Here you go - hope some of this is new:
"Belfast Merchant Families in the Seventeenth Century,"Jean Agnew
Appendix B entry for William Haltridge, merchant of Dromore, p. 255-56
career:born c. 1642; issued tokens at Dromore in 1668; made substantial loans to gentry in 1680s; attainted 1689; died 18 April 1694 aged 52, buried inside Dromore cathedral; will dated 4 Nov. 1691, proved 11 June 1694, left 5 pounds to poor of Dromore.(Sources:Gravestone inscription, at foot of chancel steps in Dromore cathedral; Williamson, "Trade tokens," ii, p. 1375; copy deed, 3 May 1692 (N.A. , Lodge's records of the rolls, ix, pp 9-10); records of forfeiture commissioners (PRONI, D1854/2/18, ff 125-6); Macartney to William Sloane, 19 Aug. 1706 (Macartney 3, pp 346-8); King, "State of the protestants," p.214; abstract of will (N.A., Crossle abstracts, Haltridge, and PRONI, D1759/3B/1, p.34)
place of origin:Scotland
property:estates in Scotland, Counties Down and Armagh (Sources:Copy conveyance, 2 Nov. 1681 (N.A., Lodge's records of the rolls, viii, p. 115, and PRONI T808/14939))
wife: Elizabeth Hamilton, daughter of Hugh Hamilton of Lisbane, died 8 Oct. 1707, buried in Dromore cathedral.(Source, George Hamilton, "House of Hamilton," (Edinburgh, 1933), p 994)
son:John born c. 1670, T.C.D. 1687, M.P. for Killyleagh 1703-25, high sheriff of County Down 1699, burgess of Belfast 1707, involved in expensive lawsuits for the recovery of his wife's dowry, died 4 Feb. 1725, buried 6 Feb. 1725; prerogative will dated 3 March 1721, proved 30 Dec. 1726.(Sources:Legal case papers (PRONI, Ellison-Macartney papers, D3649/4); "Lords' jn. Ire." ii, pp 395-6; Commons' jn. Ire., iv, pp 851-2; Agnew, "Funeral register ... Belfast," p. 30; copy will, 3 Mar. 1720/1 (N.A. prerogative will book 1726-28, ff 122-24).)
religion:Church of Ireland
wife:(16 May 1699 at St Marie's, Dublin)Grace Sands;she = (2 Captain Russell, and = (3 Captain James Forrester of Dublin, and died 2 Jan. 1728.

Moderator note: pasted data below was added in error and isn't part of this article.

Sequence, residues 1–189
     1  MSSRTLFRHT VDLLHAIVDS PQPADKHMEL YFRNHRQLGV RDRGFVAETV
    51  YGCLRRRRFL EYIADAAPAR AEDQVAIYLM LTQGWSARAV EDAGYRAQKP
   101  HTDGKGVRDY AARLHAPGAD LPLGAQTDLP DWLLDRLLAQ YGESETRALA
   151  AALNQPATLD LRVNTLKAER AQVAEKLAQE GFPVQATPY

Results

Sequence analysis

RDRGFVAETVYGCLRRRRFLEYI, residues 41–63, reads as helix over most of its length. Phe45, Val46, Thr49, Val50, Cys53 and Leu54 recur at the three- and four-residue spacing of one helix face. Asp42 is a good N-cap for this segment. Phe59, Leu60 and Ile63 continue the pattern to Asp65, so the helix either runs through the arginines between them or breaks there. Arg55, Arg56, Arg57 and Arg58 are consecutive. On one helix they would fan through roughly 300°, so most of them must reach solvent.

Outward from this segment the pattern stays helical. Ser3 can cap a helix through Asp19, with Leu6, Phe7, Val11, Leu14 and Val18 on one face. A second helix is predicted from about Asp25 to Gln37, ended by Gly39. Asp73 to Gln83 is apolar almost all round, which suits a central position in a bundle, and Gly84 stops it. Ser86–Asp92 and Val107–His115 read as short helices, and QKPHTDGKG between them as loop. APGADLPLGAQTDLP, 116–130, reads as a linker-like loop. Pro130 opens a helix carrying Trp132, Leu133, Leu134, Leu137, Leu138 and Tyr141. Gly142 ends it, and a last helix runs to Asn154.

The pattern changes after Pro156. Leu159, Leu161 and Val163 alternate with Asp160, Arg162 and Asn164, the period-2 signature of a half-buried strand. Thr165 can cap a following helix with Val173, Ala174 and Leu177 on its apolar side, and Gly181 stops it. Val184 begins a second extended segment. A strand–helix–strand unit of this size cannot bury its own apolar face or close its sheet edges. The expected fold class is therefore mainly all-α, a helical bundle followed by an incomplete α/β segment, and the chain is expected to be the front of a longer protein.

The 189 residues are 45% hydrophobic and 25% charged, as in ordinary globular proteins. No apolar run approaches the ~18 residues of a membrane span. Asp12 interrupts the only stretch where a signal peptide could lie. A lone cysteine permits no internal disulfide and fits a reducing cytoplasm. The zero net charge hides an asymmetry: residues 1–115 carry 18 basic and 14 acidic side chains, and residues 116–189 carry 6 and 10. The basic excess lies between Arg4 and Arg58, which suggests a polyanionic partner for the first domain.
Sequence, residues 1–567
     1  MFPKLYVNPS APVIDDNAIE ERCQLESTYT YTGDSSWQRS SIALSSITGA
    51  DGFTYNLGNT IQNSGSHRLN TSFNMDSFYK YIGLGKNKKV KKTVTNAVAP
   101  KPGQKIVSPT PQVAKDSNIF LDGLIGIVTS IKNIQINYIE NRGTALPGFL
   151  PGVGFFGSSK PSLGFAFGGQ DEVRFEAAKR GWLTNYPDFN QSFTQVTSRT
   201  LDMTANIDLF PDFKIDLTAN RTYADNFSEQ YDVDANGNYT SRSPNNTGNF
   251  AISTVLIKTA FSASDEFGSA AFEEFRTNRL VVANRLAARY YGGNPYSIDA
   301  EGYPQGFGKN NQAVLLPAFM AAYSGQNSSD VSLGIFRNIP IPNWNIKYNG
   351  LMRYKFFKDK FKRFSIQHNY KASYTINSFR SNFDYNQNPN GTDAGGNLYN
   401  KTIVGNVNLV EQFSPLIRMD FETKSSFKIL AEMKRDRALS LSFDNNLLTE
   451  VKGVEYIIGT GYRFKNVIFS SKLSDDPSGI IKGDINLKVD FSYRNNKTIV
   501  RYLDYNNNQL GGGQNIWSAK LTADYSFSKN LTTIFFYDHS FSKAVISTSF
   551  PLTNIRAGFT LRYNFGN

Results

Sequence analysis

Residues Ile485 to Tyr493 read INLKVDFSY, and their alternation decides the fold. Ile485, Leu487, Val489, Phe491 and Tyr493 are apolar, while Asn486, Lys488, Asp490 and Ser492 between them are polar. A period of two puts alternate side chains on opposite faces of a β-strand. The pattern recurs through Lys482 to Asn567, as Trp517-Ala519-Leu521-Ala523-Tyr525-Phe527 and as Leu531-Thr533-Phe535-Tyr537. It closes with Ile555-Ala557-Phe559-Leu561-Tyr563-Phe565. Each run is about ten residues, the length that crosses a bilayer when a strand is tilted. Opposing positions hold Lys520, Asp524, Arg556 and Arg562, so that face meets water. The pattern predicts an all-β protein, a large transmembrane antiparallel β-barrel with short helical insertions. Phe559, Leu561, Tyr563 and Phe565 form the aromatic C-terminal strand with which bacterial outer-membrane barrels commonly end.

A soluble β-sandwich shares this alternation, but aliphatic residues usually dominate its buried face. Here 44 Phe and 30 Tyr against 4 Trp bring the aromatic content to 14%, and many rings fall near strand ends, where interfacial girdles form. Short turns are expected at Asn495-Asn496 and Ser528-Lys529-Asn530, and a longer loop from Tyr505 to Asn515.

wife's parents:Sir William Sands of County Kildare (died 14 August 1687) and Grace Thwaites who = (1 William Hawkins of Dublin, died 1680, and = (3 David Clarkson.(Sources:Burke, "Landed gentry of Ireland" (1912), p 304)
wife's half-brother;William Hawkins 1670-1736, Ulster king of arms, =Lettice, daughter of Hugh Ridgate and his wife Lettice Carney.
witnesses to will:Nicholas Thetford, Dr. George Cromie
(end of section re. son John)
daughters:Margaret (dowry 1,000 pounds) = John McDowell (Source: McKerlie, "Galloway," i, p. 67) ; Anne (dowry 750 pounds) = Isaac Macartney.
brothers:Alexander, merchant of Newry, County Down, will dated 18 Dec. 1679, proved 10 Mar 1680; John, born Scotland, M.A. Glasgow 1654, presbyterian minister at Ballycarry from 1672, died 1697; Matthew, M.A. Glasgow 1669, presbyterian minister at Ahoghill from 1676, died 20 Oct. 1705.(Sources: Macartney to William Cairnes, 22 Oct. 1705 (Macartney 3, p. 217); Haltridge will abstracts and notes ( N.A., Crossle abstracts, Haltridge).
executors:wife and son
overseers:Nicholas Atcheson of Market Hill, Matthew Studdert and Alexander Williamson
witnesses: Hugh Campbell and Robert Murdoch
p. 28in a discussion of kinship links:"These kinsmen by marriage occasionally proved to be more of a liability than an asset.Black George Macartney's son Isaac married the daughter of William Haltridge, a wealthy Dromore merchant, and was gradually drawn into the financial affairs of her brother, which eventually ruined him.This however is an extreme case, and is not representative because Macartney's brother-in-law was a landowner not a merchant..."
(didn't get the page no. for this)footnote regarding Isaac Macartney's land acquisitions:"Macartney later acquired property in Counties Down and Armagh which had been bought by his father-in-law, William Haltridge of Dromore."
p. 167-68"The high social standing of Ulster merchants such as Lennox must have helped them to be firm in their dealings with the gentry.(Isaac) Macartney himself was tenacious in pursuing debts owed by such gentry as the Chichesters and Uptons, assuring his Dublin correspondents that they would not escape "true dunning', but had difficulty in dealing with his own brother-in-law, John Haltridge, and avoided presenting bills to him whenever possible, explaining that a stranger was more likely to get money from him than a relation.However, Macartney's inability to take a firm line with Haltridge stemmed not from any difference in social status but from thei relationship, and this eventually let to his becoming responsible for Haltridge's debts which contributed largely to his own eventual downfall in the 1730s.Haltridge had inherited a considerable fortune and property from his father, the merchant William Haltridge of Dromore, but had unfortunately failed to inherit any of the latter's financial acumen.Although his difficulties were in part caused by a ruinous lawsuit to recover his wife's dowry, Haltridge's main problem was one which he shared with most of those described as bad payers by the merchants, namely an inability to live within his income, leading inevitably to a slide into debt."